Source: Journal of Education for Teaching, Volume 39, Issue 3, 2013, pages 301-313
The author reflects on the experience of being a participant in the Work of Teacher Education (WoTE) research, and draws on conceptualisations of teacher education as domestic labour.
She argues that teacher educators’ closeness to classroom practice acts as a determining factor in their symbolic annihilation, a concept usually applied to study of the media that argues that the absence of representation, or underrepresentation, of some groups of people is a means of maintaining social inequality.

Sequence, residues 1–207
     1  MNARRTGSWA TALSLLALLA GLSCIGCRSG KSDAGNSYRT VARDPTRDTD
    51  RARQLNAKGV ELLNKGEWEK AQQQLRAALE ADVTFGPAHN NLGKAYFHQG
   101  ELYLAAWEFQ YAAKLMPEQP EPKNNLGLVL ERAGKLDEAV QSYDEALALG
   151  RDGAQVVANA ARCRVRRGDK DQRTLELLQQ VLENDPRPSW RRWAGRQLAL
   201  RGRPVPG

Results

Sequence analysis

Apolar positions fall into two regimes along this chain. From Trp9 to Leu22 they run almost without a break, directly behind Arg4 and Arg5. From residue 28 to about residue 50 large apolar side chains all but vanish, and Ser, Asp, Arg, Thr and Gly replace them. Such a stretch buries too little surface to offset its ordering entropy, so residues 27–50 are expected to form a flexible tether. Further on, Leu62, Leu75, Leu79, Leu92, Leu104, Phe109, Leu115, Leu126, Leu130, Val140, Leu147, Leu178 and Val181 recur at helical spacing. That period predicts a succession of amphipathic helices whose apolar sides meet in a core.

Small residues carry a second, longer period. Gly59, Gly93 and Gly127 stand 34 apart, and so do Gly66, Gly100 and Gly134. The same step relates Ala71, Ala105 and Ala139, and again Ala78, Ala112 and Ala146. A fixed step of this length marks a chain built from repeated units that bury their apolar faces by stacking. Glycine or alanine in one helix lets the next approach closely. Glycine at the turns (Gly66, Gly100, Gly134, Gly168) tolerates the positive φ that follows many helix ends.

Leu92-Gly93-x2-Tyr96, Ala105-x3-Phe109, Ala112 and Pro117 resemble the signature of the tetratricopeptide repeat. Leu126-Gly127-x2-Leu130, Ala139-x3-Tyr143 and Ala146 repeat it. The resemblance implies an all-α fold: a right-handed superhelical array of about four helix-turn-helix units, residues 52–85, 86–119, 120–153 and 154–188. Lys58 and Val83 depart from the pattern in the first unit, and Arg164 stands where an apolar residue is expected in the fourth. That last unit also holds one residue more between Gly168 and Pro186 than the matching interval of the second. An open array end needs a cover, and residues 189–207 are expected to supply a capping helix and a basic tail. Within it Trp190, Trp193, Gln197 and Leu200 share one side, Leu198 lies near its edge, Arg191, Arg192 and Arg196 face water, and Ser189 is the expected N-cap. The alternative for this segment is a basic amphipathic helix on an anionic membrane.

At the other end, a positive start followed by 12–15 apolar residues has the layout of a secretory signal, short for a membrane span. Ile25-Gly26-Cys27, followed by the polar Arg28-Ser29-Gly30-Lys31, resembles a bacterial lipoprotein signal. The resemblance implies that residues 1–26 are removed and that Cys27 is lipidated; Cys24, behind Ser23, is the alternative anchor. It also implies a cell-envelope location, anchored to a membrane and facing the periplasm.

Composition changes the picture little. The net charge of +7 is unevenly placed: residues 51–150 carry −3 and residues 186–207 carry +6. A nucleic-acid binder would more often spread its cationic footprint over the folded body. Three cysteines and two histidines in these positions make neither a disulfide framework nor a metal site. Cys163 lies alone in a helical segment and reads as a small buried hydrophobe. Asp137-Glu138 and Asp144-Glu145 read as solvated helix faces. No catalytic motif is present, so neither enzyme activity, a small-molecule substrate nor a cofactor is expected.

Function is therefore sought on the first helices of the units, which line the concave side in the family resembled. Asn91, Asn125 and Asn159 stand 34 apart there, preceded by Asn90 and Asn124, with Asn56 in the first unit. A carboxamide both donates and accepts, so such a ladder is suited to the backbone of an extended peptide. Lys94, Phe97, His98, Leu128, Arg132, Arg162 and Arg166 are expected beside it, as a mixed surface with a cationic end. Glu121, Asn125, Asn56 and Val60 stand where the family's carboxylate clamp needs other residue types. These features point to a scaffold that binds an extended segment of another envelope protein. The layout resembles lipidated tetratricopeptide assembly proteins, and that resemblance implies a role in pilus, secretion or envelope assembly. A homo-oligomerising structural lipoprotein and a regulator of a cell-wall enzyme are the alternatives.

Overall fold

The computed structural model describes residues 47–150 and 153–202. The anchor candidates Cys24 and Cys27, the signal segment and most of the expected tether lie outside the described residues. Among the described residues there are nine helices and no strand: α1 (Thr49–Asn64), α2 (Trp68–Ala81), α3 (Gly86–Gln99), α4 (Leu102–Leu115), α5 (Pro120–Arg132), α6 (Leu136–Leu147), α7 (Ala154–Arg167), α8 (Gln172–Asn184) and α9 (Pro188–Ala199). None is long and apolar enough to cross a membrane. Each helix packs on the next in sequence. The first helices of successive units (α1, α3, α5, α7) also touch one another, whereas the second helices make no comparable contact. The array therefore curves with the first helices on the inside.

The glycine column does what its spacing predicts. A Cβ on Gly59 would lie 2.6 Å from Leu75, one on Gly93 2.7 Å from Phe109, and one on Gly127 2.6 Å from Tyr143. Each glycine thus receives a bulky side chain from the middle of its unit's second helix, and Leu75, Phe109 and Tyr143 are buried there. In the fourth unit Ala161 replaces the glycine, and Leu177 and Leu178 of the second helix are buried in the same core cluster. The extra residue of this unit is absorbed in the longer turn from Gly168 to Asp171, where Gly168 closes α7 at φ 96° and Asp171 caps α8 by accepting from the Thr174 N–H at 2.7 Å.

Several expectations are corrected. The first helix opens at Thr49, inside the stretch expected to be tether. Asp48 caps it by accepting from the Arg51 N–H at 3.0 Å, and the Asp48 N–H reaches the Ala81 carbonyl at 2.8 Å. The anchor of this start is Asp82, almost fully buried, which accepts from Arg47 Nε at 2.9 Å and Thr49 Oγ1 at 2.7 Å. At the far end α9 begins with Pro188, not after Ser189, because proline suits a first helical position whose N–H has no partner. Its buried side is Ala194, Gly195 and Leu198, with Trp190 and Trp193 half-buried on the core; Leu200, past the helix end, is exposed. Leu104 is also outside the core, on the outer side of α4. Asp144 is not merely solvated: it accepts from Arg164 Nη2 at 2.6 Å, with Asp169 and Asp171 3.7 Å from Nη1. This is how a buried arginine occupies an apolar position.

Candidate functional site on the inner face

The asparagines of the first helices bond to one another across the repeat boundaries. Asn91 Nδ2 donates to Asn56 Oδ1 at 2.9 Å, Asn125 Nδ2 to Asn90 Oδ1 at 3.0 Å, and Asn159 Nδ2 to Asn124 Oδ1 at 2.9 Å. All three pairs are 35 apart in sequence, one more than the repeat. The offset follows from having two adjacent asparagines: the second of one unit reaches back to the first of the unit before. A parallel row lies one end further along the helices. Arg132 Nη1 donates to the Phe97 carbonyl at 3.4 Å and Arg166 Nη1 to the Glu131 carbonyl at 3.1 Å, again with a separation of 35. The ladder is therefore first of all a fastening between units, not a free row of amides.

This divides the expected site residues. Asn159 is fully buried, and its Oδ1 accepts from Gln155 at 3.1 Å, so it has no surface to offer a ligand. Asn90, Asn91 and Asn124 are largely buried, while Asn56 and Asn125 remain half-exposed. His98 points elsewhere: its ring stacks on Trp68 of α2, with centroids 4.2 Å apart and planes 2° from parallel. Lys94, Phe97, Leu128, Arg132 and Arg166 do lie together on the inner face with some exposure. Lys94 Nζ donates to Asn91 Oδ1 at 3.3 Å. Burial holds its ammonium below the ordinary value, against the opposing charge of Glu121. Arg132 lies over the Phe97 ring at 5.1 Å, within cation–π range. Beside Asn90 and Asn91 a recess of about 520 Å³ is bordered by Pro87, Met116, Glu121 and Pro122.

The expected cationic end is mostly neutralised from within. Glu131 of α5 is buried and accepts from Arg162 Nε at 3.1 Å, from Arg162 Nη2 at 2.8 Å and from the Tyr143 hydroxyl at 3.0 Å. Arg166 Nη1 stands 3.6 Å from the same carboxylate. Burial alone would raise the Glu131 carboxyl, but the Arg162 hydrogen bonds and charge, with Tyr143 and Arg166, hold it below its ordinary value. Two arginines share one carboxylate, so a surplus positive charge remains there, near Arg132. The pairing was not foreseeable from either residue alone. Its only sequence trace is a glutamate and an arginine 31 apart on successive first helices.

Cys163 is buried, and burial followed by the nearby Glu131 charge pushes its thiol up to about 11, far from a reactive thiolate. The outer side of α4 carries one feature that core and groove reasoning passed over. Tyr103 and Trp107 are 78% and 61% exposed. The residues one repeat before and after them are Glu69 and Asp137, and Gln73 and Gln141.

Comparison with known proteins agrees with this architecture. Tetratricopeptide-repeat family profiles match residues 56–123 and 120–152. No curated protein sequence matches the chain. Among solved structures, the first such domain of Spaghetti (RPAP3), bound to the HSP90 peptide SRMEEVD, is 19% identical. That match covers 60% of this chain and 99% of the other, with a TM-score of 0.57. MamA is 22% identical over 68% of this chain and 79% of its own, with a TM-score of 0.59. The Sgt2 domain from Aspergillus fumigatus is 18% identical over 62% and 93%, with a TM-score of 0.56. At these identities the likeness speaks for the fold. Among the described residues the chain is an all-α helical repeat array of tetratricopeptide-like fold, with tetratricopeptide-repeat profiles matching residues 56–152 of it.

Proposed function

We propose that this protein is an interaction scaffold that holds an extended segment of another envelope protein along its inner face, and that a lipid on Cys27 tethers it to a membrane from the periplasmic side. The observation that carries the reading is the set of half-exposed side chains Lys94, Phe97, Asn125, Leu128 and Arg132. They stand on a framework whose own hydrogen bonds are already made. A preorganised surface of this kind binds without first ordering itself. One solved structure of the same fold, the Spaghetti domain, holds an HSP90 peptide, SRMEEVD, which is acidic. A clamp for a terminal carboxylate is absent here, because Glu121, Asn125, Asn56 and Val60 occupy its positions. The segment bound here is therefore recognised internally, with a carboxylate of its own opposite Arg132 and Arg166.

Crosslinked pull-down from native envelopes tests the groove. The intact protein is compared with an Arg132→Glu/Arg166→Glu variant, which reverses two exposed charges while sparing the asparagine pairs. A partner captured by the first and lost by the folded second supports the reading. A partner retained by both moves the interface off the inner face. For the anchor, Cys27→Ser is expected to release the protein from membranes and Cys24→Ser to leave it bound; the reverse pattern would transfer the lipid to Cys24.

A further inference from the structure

Teacher educators’ necessary closeness to practice affects promotion, academic outputs and recognition and constitutes a two-tier system that closely mirrors ‘blue collar/white collar’ inequalities in wider society, underlining Bourdieu’s characterisation of academics as the ‘dominated fraction of the dominant class’.
Reviewing data derived from her own practices as a teacher educator in relation, and doing so with reference to the larger WoTE data-set, the author argues that the feminised connotations of teacher education work contributes to teacher educators’ symbolic annihilation within the public discourse, which includes the wider education community.